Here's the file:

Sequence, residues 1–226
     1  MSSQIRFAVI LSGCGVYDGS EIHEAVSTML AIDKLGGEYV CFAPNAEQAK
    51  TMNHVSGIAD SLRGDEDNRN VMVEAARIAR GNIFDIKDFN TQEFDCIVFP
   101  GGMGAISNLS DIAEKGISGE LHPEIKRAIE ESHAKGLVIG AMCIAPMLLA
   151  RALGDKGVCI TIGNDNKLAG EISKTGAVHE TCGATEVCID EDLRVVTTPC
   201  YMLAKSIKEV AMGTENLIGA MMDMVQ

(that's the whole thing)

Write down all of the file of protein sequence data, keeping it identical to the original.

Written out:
Sequence, residues 1–226
     1  MSSQIRFAVI LSGCGVYDGS EIHEAVSTML AIDKLGGEYV CFAPNAEQAK
    51  TMNHVSGIAD SLRGDEDNRN VMVEAARIAR GNIFDIKDFN TQEFDCIVFP
   101  GGMGAISNLS DIAEKGISGE LHPEIKRAIE ESHAKGLVIG AMCIAPMLLA
   151  RALGDKGVCI TIGNDNKLAG EISKTGAVHE TCGATEVCID EDLRVVTTPC
   201  YMLAKSIKEV AMGTENLIGA MMDMVQ